PARK CITY, Utah — Orlando Bloom
is was at the Sundance Film Festival promoting “Sympathy For Delicious,” an independent film directed by Mark Ruffalo. Bloom, of course, was launched to fame by his turn as practically divine (looking) Elf Legolas in Peter Jackson’s film trilogy, “The Lord of The Rings.”
And without a doubt (besides the obvious and absolutely vital return of Gandalf to the silver screen) he is the member of the Fellowship of the Ring who should be in Guillermo del Toro’s two-part adaptation of “The Hobbit.” Here is why:
Every actor associated with Jackson’s films seems to get some variation of the red-carpet question, “Will you be in ‘The Hobbit’?” Elijah Wood, Dominic Monaghan, Billy Boyd, Sean Astin, Viggo Mortensen, and Liv Tyler among others have all been peppered by the media on the subject. The answer usually mentions a willingness to do so by the actor with profuse praise for Jackson and then the admission that it doesn’t make a lot of sense, in the context of the films, to do it.
In fact, such appearances would completely ignore continuity from J.R.R. Tolkien’s books and would also seemingly disregard Jackson’s films’ common sense where young Hobbits would be showing up decade’s before their own birth to make a cameo.
But Bloom certainly wouldn’t be too young if Legolas’s comments regarding his age are taken into account. The written Legolas, in one of several such bits of dialog contained in “The Two Towers” says, ” ‘Five hundred times have the red leaves fallen in Mirkwood in my home since then,’ said Legolas, ‘and but a little while does that seem to us.’ ” Film Legolas, based on absolutely nothing written by Tolkien, declares that he is 2,931 years of Sindarin hunkeyness old.
Tyler’s Arwen and Cate Blanchette’s Galadriel similarly have longevity on their side but those characters lack the historical probability of being in the right place at the right time to place them squarely in front of “The Hobbit,” cameras which weighs heavily in Bloom’s favor.
The MTV blog chatted Bloom up during his Sundance promotional efforts and got him to confess that he has already e-mailed Jackson telling him that he would be willing to return to New Zealand and step in front of cameras with a blond wig and pointy ears.
MTV then writes a sentence that might get its Tolkien-credibility card revoked:
“It’s not particularly likely that Bloom’s services would be required for “The Hobbit” as Legolas has no role in the original story, though it’s always possible that the actor could play Thranduil, Legolas’ father who appears as the Elvenking in the story.”
(Okay MTV blog folks, we are just kidding! Nobody wants to revoke that ‘imaginary’ card and we heart you for asking lots of ‘Hobbit’ questions at every turn.)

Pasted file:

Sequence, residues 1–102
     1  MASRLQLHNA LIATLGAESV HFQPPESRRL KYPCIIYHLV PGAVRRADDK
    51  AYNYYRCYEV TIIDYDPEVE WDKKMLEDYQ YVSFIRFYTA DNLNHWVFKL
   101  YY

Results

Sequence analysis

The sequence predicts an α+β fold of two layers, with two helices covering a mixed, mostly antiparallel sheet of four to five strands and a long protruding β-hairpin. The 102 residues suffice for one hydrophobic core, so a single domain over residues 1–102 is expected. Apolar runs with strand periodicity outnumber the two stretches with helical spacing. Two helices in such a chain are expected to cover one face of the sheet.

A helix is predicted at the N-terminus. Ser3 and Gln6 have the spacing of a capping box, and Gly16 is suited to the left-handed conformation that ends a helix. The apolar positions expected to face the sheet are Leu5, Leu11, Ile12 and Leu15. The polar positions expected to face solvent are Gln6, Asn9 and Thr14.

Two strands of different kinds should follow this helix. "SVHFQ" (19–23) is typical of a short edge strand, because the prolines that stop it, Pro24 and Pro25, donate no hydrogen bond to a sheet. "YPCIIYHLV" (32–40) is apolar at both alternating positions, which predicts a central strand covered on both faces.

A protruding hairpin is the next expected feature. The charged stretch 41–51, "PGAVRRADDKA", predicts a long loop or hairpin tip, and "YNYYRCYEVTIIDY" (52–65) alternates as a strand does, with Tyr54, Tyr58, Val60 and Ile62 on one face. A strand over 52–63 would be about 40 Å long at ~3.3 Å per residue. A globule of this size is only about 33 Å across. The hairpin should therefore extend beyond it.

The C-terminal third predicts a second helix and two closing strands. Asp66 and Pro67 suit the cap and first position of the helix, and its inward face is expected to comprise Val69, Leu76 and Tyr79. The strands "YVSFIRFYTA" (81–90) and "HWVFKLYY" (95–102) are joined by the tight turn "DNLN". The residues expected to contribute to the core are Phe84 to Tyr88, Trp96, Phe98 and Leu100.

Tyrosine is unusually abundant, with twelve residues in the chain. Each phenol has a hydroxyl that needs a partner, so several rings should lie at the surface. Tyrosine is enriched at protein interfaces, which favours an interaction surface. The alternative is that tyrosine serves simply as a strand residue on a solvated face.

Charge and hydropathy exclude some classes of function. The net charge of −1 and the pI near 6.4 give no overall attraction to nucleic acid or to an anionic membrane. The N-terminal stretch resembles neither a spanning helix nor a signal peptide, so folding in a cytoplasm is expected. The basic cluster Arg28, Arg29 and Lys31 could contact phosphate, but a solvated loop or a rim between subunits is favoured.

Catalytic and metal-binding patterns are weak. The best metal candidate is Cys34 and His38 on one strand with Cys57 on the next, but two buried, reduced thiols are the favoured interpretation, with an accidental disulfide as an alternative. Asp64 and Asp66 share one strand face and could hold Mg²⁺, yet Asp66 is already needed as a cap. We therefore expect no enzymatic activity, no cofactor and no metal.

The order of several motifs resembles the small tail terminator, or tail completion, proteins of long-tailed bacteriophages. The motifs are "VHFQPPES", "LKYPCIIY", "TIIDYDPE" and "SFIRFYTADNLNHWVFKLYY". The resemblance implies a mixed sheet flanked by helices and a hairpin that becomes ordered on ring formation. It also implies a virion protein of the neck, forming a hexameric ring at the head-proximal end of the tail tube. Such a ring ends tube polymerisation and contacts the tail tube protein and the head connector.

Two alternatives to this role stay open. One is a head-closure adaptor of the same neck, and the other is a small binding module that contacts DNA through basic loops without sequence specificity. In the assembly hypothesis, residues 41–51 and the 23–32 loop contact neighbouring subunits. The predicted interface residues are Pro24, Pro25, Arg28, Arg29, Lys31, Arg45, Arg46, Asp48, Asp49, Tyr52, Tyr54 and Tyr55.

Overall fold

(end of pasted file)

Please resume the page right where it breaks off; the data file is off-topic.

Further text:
First, Bloom cannot, should not, must not, play Thranduil as it would take every viewer around the world out of the story immediately and doubly fast if / when his royal heart-throbness flexed his cheek muscles into a smile. (Although it is unknown if Thranduil so much as grinned.)
But more importantly, while Legolas didn’t expressly have a role in the original story, it is highly likely that he was present at some of the big events described there. Tolkien wrote “The Hobbit,” years before he completed “The Lord of the Rings,” so while the character of Legolas wasn’t mentioned by name, his name was in use in Tolkien’s (at the time) great unpublished mythos which became “The Silmarillion”. At the time of that writing the Good Professor had not yet tied “The Hobbit” to his epic creation but later when he wove the two together he pulled out and dusted off the Elvish name which means “Green leaf”.
In LOTR, Legolas is in Rivendell just in time for the Council of Elrond because he carried the news of Gollum’s escape from his father’s forest home. (You might imagine these Elves would have tightened dungeon security after 13 Dwarves snuck out, but apparently not!)
His mission to Elrond demonstrates that:
A) He was a trusted agent of his father (and a Prince)
B) He likely lived with his fellow Elves in Mirkwood
Eighty years prior to visiting Elrond and agreeing to represent Elves in The Fellowship, it is likely that Legolas was in Mirkwood with his father, probably advising dad and opposing the trouble brewing which was later shown to be Sauron hiding as The Necromancer.
An Elven Prince, such as Legolas, would be extremely likely to be involved with a baker’s dozen tight-lipped Dwarves discovered and captured in Mirkwood. And later when those captives went mysteriously missing, he would be informed, if not directly involved, in the aftermath.
Further, when an army of Elves were mustered to march to The Lonely Mountain for war in the Battle of the Five Armies, it seems unthinkable that Legolas wouldn’t be among their number if not leading them in some manner.
So while Legolas had no explicit role spelled out in the text, Princes of Mirkwood wouldn’t miss events like the notable capture of Dwarves or the restoration of his father’s honor and kingdom via war.
Now if it were up to me, Bloom would probably not speak a word in either of the two Hobbit films but would stand behind
Doug Jones Thranduil silently supporting and honoring his father. He would definitely be present at the flicks’ biggest battle doing low-key but unmistakable Legolas moves.
I don’t know that Bloom would agree to a part with no dialog but if he would it would be a classic nod to his non-mention in the books while providing a line of continuity from del Toro’s films to Jackson’s. It wouldn’t require a large time commitment either and would likely delight studios and financiers. It wouldn’t be an over-the-top, distracting cameo but a tasteful, clever and humorous walkthrough that would also feel just ‘right’.
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